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How to Pull your Engine

About This How-to
Author: moonwell
Added: 02.04.06
Updated: 02.05.06
Discuss (17)

This how-to shows you how to remove the engine from your J-body. It can be applied to removing an engine from any J-body, but it was written specifically for pulling a 2nd Gen V6 w/ 5 speed trans.


  • Engine Hoist
  • The more tools the better :)
  • Air tools are a big help
  • You can accomplish this with a basic mechanics set if you have to

How To Do It

Step 1

Remove the hood. It's just going to get in your way, so get it out of your way first. There are 2 bolts on each side holding it to the hinges.

Scribe a mark around the hinges onto the hood to aid in proper alignment upon re-installation. If you throw a heavy blanket or carpet remnant on you roof, you can just set the hood out of your way on top of the roof.

We'll do as much as we can from the top, and them move to underneath. On a 5 speed car, we will pull the engine and transmission still bolted together. If an automatic, it is generally easiest to leave the trans in the car. We will be pulling the motor out the top, not dropping it out the bottom. Remove the strut tower brace if equipped.

Step 2

It is usually easiest to pull the motor with the wiring harness attached. Which means you will have to remove the wiring at the firewall on the drivers & passenger side.

The drivers side connector unplugs right at the firewall. Unbolt & unplug it. The passenger side connector actually just runs through the firewall and into the ECM above the glove box. You'll need to remove the glove box and drop the ECM down, then unplug the connectors from the ECM. You can then pull the wiring through into the engine bay.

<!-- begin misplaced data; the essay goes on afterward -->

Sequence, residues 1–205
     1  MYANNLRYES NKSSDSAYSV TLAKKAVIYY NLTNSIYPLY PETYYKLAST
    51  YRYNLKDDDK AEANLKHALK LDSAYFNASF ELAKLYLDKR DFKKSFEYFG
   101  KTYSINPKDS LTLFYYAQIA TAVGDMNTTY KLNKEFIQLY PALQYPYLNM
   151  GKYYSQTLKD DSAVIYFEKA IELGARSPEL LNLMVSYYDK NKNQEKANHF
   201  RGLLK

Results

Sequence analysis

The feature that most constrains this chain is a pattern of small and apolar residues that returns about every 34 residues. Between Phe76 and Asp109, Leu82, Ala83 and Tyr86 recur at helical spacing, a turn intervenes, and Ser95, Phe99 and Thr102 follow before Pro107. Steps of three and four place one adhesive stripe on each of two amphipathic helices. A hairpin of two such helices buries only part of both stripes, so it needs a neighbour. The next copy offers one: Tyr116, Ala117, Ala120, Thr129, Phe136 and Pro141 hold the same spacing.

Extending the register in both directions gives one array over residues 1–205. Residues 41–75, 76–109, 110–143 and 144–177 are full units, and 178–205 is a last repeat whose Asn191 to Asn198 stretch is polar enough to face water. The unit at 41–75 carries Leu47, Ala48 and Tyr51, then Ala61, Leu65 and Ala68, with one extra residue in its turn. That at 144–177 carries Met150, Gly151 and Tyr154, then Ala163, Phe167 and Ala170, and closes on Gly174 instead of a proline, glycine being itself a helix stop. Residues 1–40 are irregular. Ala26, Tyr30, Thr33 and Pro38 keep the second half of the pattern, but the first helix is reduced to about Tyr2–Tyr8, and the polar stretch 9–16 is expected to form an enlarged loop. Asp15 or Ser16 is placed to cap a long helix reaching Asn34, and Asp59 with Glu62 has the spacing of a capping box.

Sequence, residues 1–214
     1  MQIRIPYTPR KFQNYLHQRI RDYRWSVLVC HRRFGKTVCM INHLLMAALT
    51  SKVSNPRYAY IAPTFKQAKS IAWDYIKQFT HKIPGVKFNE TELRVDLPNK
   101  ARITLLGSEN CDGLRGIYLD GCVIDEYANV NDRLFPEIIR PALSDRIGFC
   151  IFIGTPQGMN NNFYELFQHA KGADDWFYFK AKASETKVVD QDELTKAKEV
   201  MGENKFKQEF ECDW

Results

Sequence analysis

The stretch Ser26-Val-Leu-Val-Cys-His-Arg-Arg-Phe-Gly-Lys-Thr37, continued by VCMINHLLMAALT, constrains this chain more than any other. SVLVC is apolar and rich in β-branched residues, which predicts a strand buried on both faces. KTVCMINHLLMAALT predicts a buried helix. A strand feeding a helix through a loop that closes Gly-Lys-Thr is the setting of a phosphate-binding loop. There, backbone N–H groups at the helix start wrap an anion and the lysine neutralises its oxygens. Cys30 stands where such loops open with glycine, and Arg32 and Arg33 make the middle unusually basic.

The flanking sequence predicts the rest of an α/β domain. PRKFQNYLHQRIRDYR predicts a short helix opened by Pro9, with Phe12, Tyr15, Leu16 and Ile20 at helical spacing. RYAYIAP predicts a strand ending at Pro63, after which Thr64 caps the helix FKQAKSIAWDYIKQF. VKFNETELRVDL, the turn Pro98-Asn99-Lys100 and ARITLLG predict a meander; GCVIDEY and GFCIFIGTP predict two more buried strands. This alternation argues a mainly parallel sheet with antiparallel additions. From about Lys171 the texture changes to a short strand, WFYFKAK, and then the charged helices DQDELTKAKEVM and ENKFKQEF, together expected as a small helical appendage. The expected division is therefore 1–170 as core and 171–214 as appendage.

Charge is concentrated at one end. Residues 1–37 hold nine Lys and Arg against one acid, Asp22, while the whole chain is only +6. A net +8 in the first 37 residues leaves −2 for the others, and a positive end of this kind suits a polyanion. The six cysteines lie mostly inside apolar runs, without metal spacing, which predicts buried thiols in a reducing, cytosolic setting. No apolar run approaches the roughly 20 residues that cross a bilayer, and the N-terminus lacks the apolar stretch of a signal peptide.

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Step 3

Unbolt the cables from the battery and remove any other electrical connections to the chassis and any connectors on the motor that get in your way as you work. Also remove any necessary vacuum lines.

You may find it helpfull to label all connectors as they are disconnected to aid in reassembly

Step 4

Unhook the cruise control cable (if equipped) and throttle cable from the TB. Remove the kick down cable if an automatic.

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Step 5

Unhook the 2 shift cables from the transaxle (if a manual) and move them out of the way.

Unbolt the brake master cylinder from the booster while you're over there, since you'll have to swing it out of the way for the motor to clear. Just remove the 2 bolts for now.

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Step 6

Remove the alternator, it's just going to get in your way.

The unhook the Power steering pressure & return lines from the PS Pump. You'll want to drain the excess fluid from the PS reservoir with a turkey baster to minimize the amount the leaks out.

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Step 7

Remove the Throttle body to give you better access to the fuel lines at the rail. Relieve the fuel pressure via the shraeder valve before removing the lines. Unbolt the lines from the rail using a flair nut wrench to prevent rounding the nuts. Nobody likes round nuts!

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Step 8

Depending on the year of 5 speed transmission, the slave cylinder setup is different. There are 2 styles of external, and an internal slave. External was used through 92, internal 93-94. If you have an internal slave, there is a quick disconnect that disconnects the line from the slave. If an internal, the slave is just unbolted from the trans and pulled out. If you have an internal slave, it can be ruined if the clutch pedal is depressed while the slave is out of the transmission. So it might be a good idea to disconnect the clutch pedal just to ensure an accident doesn't happen. Pressing the pedal on an internal slave model with it disconnected won't ruin anything, but it will spew fluid and possibly get air into the system that you'll have to bleed out later.

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Step 9

Remove the Radiator fan, it's just gona be in the way!

Step 10

Alright, now it's time to get dirty and get under the car! Apply the e-brake and chock the rear wheels. Jack up the front and put jack stands on both sides. Make sure it is sturdy. Remove both from wheels.

Step 11